Usually my Starter Pokémon has been either the Grass- or Water-type options: in the past I picked Bulbasaur in Gen I, Totodile in Gen II, Mudkip in Gen III, and Turtwig in Gen IV. This time, however, I decided to change things up a bit and selected Tepig as my main man. It’s in part a tribute to my wife, who absolutely adores pigs, but it’s also an attempt to make the experience feel fresh and new by starting with the Fire-type option for once.

bw_log_autumn.jpgFrom the moment I stepped outside to experience Nuvema Town, I really liked the aesthetics of the game. The autumn look is really nice and makes me kind of excited to see how the other seasons will change the view of the landscape. I also like how the trainer sprites have grown to reflect their older age. Small touch, but something that really feels like the game’s finally grown up a little with me. Of course, the story and dialogue are the same as always: simple and easy enough for everyone to understand.

At Route 1 I caught two new additions for my team: Patrat and Lillipup. While small rodents and dogs have been done before in the Pokémon world, these new breeds still manage to be somewhat different. At first I was resistant to some of the new monsters I’d been seeing in pre-release info sheets, but now that I’ve started playing they’ve rather grown on me. They feel like different species, variants of a particular monster type, that are native to different regions, which is just like they’re supposed to feel I’m sure.

While training my new creatures, I discovered something about the Experience system: it’s been overhauled to make training your weaker Pokémon just a bit easier. If multiple Pokémon go into battle against one particular creature, the Experience Points earned will be distributed based on level. A lower-level Pokémon will receive more experience, while a higher-level earns less. This really helps trainers trying to bring up their weaker Pokémon and eliminates the need for the Exp. Share seen in previous Gens.

BW_log_Pokémon_Center.pngAfter a while I finally made it to Accumula Town, where I got my first look at the new Pokémon Center layout. They’ve crammed the traditional Pokémon Center with the PokéMart, resulting in a literal town center for Pokémon needs. As a result, however, the towns feel slightly emptier – and I noticed in particular that most of the apartments I’ve visited so far have a same-y look to them, which highlights the feeling of emptiness even more. Of course, I’m only at the beginning of the game, so towns and cities may become more dense as I progress, but it’s something I didn’t really notice until Black & White.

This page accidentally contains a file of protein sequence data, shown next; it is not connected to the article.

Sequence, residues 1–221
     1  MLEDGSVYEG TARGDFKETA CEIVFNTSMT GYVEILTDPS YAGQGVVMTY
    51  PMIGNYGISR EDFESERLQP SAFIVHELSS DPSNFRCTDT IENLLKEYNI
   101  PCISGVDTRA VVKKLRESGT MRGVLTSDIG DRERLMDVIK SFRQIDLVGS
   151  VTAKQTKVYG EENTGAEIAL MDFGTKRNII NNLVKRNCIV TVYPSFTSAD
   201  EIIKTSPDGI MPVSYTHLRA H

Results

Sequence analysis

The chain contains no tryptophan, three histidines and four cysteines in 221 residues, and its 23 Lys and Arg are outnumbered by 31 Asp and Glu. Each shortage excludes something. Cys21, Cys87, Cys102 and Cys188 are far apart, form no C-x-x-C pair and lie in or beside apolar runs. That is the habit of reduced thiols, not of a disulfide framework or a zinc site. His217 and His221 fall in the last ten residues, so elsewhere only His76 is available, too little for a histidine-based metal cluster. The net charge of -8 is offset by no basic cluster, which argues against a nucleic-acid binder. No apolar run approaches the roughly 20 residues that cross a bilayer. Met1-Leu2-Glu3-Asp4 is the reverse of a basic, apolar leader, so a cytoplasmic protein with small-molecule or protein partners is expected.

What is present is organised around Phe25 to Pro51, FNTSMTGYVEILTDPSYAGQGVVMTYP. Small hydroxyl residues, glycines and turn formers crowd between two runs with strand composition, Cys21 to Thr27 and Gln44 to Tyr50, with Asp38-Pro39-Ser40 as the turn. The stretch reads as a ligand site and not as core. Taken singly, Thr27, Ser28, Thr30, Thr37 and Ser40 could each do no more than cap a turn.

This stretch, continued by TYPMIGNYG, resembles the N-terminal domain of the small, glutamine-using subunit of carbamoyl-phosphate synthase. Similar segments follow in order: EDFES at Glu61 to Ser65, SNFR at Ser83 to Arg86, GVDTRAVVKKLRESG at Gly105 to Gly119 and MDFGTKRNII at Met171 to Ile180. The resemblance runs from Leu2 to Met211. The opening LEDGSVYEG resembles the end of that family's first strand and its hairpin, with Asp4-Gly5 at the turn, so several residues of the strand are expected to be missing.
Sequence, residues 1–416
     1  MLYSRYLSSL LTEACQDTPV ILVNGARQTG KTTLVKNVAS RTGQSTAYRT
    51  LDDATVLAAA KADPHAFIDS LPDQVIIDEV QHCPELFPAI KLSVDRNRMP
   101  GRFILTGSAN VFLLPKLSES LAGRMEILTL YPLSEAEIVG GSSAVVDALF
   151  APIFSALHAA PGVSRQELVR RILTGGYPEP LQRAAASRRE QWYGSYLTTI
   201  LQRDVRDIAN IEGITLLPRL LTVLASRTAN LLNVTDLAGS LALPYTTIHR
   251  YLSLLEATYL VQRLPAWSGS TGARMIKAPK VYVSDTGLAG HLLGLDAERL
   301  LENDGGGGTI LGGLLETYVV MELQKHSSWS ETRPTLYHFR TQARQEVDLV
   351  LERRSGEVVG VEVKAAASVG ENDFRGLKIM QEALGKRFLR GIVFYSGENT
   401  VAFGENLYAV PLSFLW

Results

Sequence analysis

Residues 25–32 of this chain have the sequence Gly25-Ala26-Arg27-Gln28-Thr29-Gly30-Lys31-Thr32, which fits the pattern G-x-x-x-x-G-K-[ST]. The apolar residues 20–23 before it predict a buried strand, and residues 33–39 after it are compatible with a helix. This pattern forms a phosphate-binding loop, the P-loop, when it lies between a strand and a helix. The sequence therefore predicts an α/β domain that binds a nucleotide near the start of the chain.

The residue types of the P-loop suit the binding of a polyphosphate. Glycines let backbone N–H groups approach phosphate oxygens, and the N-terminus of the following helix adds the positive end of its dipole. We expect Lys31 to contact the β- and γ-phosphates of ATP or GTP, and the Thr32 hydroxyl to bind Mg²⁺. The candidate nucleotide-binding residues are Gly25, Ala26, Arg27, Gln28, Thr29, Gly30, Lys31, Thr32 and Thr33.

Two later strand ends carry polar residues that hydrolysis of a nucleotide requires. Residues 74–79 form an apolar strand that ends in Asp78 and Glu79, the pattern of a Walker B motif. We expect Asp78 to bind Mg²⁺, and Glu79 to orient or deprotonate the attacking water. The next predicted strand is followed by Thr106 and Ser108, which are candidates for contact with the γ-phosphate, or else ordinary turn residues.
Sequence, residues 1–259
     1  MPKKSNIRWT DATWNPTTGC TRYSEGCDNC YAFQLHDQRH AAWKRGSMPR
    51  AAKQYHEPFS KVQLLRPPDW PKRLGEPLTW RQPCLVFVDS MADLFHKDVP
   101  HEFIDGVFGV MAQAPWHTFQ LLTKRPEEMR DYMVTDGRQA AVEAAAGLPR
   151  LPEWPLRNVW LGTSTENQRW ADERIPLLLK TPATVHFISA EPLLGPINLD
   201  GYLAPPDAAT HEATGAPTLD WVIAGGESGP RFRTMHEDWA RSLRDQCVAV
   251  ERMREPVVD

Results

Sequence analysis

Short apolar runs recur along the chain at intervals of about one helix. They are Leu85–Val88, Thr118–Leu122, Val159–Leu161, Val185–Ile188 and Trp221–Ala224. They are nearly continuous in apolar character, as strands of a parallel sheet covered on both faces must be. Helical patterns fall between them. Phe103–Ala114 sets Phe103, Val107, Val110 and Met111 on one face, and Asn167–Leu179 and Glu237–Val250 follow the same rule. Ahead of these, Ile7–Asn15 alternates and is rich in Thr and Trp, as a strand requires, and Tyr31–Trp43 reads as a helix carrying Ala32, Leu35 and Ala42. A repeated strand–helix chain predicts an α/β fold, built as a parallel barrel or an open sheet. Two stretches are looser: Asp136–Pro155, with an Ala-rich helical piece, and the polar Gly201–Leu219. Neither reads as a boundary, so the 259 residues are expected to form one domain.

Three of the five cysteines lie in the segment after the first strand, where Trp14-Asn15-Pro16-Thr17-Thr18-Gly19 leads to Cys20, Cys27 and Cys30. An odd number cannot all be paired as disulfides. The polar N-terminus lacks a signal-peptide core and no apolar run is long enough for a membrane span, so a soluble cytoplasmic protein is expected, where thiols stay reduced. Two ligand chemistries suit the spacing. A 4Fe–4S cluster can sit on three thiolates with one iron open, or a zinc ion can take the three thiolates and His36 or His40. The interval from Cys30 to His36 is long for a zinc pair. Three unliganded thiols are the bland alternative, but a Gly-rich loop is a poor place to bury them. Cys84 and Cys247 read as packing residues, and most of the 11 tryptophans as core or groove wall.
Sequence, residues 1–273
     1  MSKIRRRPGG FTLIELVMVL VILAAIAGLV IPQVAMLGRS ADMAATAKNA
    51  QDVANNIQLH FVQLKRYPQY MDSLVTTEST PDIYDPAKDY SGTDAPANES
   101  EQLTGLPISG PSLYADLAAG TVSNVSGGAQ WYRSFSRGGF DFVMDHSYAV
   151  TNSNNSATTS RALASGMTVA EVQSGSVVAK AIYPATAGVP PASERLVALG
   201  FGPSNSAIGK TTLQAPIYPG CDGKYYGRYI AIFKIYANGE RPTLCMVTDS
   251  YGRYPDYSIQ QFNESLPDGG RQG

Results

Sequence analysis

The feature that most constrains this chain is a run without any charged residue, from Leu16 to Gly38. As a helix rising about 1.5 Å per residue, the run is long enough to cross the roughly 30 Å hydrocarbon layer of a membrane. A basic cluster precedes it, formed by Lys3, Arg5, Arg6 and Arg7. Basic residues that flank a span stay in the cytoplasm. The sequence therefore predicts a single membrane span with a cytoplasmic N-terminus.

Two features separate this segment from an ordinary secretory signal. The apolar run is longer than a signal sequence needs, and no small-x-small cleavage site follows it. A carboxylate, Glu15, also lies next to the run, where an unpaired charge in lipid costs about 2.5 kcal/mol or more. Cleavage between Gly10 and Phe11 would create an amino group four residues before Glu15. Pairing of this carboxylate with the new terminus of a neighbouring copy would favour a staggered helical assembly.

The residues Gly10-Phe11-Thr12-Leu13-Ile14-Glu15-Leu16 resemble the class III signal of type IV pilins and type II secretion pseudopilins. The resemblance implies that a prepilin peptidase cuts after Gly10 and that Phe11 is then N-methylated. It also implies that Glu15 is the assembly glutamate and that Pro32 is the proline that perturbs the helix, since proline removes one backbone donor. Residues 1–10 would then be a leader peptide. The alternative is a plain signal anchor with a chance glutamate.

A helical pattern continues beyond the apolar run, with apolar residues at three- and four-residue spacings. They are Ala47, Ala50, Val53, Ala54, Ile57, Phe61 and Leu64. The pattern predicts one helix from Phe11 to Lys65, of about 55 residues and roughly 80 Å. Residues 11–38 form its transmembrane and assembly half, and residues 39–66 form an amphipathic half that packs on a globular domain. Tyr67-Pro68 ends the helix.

It’s here that I encountered the mysterious Team Plasma, its general Ghetsis, and the enigma, N. They all shared one thing in common: the desire to liberate Pokémon so they can be free. It’s a rather interesting plot idea that actually speaks to real-world concerns, kind of like the Team Aqua and Team Magma conflict from Gen III. I’ll be glad to see how it progresses.

On Route 2 I caught myself a Purrloin. It’s a bit trickier to raise than the other Pokémon on my team since its attack values are so low, but once I got to the next town, Striaton City, I was able to obtain the HM Cut to give it a stronger move. I’m really liking its Assist move, which allows it to randomly select an attack from its teammates arsenal and use it. So far it’s been the only way to get it a Dark-type move to use in order to maximize its type advantage. In Striaton I also was given a Pansage, a Grass-type Pokémon that would prove invaluable in the coming Gym Battle.

Striaton’s Gym Leader battled me based on the type of my Starter – so in this case, I had to face a Water Pokémon known as Panpour. It’s Pansage’s Water-type companion. Fortunately, with a Grass-type at my side I was able to win without too much trouble, and was given the Trio Badge as well as a TM for Work Up, a move that increases its users Attack and Sp. Attack.

It was then that I learned yet another interesting tidbit: TMs can be reused this time around! This’ll make training a lot easier as there’ll be less stress about who to use what TMs on.

bw_log_munna.jpgGym Badge in tow, I headed to the Dreamworks, where the Dream Eater Pokémon Munna was in trouble. Team Plasma was trying to use it to create Dream Mist! I fought them off to rescue Munna, then proceeded to catch one of my own. It’s a Psychic-type, and so far has proven to be relatively powerful. While at the Dreamworks, I also nabbed a Rare Pokémon known as Audino before returning to the city to call it a day.

Play Time: 2:32

Pokédex Rating: 10 seen, 7 caught

My team so far:

  • Patrat, Lv12: Tackle, Bite, Detect, Work Up
  • Audino, Lv11: Doubleslap, Pound, Work Up, Refresh
  • Pansage, Lv12: Vine Whip, Lick, Work Up, Leer
  • Munna, Lv11: Psywave, Psybeam, Lucky Charm, Yawn
  • Purrloin, Lv11: Scratch, Cut, Assist, Sand Attack
  • Tepig, Lv12: Ember, Tackle, Tail Whil, Odor Sleuth

The adventure will continue… tomorrow.

Fanart found at Tohko and Touya. Credit to original artist.

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